Samantha Waugh, Sussex’s Sustainability Manager, then gave a very useful overview of where the university is at and where we might be heading. A new Sussex-wide strategy is in the works (publication in the spring), structured around four themes, mapped to the seventeen UN Sustainable Development Goals. There was a lot of great detail (albeit some of it necessarily a bit provisional): here’s my (probably slightly unreliable!) summary …

Sam kicked off with strategic drivers: how is the environmental crisis is manifesting at the institutional level? This includes of course the global context: all the ways that our understanding of the environmental crisis is expressed and contested across scientific research, grassroots activism, and national and transnational policy contexts. Another significant piece of the global context is the pandemic itself, the risks and opportunities it has created, what it has accelerated or put on hold, what it has made more visible or less visible. Some relevant drivers have a more specifically Sussexy flavour: we are lucky in that our staff and student communities generally already have a deep personal commitment to social and ecological justice, and passion and impatience to make the necessary changes. NSS scores are one window into those student priorities. We also have really world-leading expertise in Development Studies, with all the opportunities and obligations that implies. More generally, we need to ensure our sustainability policy and practices are fully alligned with our Sussex 2025 vision.

With that in mind, the four threads are:

  1. Interdisciplinary Development. Sustainability will be embedded throughout the curriculum, in particular via a flagship first year module in each school. It will also be embedded in our employability strategy. Interdisciplinarity also means recognising that sustainability is also about environmental justice, so this theme is also likely to be where a large chunk of the Equality, Diversity and Inclusion work sits. There are tremendous opportunities here for collaborating with our passionate and brilliant student body to drive transformation, creating spaces, solidarity, and support to test out more radical ideas.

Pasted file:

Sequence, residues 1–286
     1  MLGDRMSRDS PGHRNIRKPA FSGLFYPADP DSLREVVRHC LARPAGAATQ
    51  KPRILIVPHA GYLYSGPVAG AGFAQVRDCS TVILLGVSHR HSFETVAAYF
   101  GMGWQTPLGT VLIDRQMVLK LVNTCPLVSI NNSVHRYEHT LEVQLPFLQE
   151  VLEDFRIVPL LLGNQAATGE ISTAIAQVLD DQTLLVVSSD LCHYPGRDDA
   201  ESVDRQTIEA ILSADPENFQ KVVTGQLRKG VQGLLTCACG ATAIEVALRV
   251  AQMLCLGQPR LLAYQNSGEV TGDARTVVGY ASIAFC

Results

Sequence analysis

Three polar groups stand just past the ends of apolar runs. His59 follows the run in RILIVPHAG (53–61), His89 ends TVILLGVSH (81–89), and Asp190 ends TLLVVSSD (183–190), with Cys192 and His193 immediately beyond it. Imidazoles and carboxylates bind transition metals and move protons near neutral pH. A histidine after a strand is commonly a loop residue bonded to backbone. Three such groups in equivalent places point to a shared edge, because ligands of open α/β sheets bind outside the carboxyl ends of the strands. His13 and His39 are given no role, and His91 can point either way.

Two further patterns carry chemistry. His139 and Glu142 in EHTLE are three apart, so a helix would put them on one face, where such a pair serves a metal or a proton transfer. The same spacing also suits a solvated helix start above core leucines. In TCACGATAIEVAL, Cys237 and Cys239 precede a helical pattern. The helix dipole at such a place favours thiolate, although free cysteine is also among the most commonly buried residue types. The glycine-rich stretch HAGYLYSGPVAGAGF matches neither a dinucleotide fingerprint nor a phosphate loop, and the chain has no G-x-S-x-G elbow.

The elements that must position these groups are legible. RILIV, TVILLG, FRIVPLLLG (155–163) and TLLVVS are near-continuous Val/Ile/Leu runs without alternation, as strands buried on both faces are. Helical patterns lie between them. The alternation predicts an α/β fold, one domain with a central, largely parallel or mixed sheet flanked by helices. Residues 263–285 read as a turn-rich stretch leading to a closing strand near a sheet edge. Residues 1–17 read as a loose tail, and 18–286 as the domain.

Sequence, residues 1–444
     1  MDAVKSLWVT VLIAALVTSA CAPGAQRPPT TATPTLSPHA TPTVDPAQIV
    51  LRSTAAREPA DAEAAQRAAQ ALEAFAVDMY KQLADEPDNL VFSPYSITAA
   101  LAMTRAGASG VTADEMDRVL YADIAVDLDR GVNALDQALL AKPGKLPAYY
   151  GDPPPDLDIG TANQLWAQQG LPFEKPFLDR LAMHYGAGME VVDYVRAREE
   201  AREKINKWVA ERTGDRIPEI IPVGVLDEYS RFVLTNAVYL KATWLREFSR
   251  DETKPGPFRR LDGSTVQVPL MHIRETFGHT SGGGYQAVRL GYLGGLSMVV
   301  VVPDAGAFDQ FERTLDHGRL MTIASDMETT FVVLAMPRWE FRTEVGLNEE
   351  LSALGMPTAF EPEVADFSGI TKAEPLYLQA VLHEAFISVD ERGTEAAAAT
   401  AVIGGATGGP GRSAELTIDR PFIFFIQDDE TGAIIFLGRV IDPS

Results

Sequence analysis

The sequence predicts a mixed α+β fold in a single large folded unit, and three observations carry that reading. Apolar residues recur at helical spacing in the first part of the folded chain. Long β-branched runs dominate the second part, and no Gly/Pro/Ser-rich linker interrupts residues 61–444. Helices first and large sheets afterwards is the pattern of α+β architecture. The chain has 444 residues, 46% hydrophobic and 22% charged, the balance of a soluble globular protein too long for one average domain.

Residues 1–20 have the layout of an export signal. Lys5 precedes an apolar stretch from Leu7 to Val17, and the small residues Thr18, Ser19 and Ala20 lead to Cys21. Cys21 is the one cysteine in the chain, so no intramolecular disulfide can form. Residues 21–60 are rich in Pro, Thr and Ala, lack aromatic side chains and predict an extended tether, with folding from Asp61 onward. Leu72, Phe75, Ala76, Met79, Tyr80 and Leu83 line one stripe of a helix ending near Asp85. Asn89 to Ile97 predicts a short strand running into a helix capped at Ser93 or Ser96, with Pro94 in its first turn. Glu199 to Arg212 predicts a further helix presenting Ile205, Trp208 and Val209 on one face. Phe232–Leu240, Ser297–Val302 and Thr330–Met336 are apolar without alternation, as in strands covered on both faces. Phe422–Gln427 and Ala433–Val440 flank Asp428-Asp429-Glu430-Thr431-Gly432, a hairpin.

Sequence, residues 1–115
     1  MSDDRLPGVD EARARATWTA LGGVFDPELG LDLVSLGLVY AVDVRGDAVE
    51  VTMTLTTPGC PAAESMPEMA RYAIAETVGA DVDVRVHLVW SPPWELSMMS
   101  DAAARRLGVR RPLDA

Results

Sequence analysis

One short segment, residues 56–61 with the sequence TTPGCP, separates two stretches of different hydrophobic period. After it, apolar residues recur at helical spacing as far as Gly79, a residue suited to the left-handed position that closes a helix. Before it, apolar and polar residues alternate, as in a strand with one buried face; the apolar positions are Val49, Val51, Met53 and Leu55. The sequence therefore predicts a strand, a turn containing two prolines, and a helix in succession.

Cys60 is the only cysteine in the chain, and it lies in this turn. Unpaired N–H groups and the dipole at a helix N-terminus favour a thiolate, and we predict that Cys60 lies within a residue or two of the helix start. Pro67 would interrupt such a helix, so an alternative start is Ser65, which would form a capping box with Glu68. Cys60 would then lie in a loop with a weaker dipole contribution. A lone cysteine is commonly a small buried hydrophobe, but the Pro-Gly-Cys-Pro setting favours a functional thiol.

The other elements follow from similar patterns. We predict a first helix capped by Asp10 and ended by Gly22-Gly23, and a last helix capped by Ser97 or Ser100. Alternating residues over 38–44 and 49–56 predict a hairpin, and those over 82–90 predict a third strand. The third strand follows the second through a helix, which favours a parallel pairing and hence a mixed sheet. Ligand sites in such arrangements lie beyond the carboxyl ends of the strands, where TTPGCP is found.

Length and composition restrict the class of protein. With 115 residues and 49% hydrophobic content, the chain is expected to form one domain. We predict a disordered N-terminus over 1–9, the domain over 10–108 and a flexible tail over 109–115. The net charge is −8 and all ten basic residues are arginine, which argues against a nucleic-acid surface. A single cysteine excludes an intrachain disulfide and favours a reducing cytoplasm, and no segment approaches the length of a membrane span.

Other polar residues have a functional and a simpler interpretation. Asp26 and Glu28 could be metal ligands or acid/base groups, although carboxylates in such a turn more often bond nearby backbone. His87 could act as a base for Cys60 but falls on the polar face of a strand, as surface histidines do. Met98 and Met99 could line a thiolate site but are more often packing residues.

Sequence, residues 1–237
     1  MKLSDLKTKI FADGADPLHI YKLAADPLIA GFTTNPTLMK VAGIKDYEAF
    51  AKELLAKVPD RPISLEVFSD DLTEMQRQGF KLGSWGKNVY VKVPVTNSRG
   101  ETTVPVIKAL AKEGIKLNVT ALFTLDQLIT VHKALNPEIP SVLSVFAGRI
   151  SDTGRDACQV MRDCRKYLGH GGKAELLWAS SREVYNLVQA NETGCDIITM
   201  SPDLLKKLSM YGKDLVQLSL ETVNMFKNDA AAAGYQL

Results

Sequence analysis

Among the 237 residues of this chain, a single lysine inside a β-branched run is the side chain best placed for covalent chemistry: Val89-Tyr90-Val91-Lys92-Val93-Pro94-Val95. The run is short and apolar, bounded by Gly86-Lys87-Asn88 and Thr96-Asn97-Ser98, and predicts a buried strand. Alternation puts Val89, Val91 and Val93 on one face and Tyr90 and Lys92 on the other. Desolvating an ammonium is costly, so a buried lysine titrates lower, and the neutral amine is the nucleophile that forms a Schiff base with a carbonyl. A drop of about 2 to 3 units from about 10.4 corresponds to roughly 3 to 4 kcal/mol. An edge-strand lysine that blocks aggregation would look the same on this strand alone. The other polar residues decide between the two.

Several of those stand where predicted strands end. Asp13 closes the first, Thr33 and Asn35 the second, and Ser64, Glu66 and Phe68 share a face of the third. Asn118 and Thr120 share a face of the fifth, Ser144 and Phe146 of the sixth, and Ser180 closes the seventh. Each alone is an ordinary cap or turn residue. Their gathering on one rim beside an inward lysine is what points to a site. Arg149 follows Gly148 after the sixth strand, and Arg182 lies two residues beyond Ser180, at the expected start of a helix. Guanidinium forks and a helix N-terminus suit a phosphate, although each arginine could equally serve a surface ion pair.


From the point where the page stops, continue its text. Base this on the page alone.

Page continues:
2. Decarbonisation. Our decarbonisation strategy is also in the works, and will include SMART targets for achieving Net Zero by a particular date. Will it be 2035? Maybe earlier? Some modelling has been commissioned which should give us a clearer idea early next year. There are questions of course around how decarbonisation will be incentivised and monitored across the sector and the UK economy more generally, and the potential for Sussex to show pre-emptive regulatory alignment. But there’s also the potential for leadership: this could be another area for creative exploration, innovation and social and commercial entrepreneurship. Sam hopes to put in place prizes for green innovation, support for spin-offs from research, and so on. Other priority areas to look at are buildings, facilities and construction, and flexible and remote work policies. Sam reinforced the point that the carbon implications of flexible and remote working may be more complex and mixed than they at first seem, and the importance of taking an open-minded and holistic view as we steer through these transformations.
  3. The Civic Leaders and Partners theme is about our engagement, outreach, and collaborations, including charity partnerships. So this relates to the UN Sustainable Development Goals of good health and wellbeing; sustainable cities and communities; peace, justice, and strong institutions; and that final goal which is to pursue all the others through partnerships and collaborations. For Sussex this means, among other things, a sustainable and active travel action plan, and a sustainable procurement policy and practice. Sussex must use our influence with suppliers and other strategic partners to normalise a society of ecological sustainability and personal and collective wellbeing, including ensuring partners have their own appropriate Net Zero commitments and plans in place, that they pay a living wage, and so on.
  4. Environmental Champions. The fourth thread of our strategy maps to the UN Sustainable Development Goals of clean water and sanitation, responsible consumption and production, life below water and life on land. There will very shortly be published (probably already out) an initial benchmarking exercise, ahead of a sustainable food and waste action plan and biodiversity policy and action plan. The initial targets will be to be in the top quintile of performers.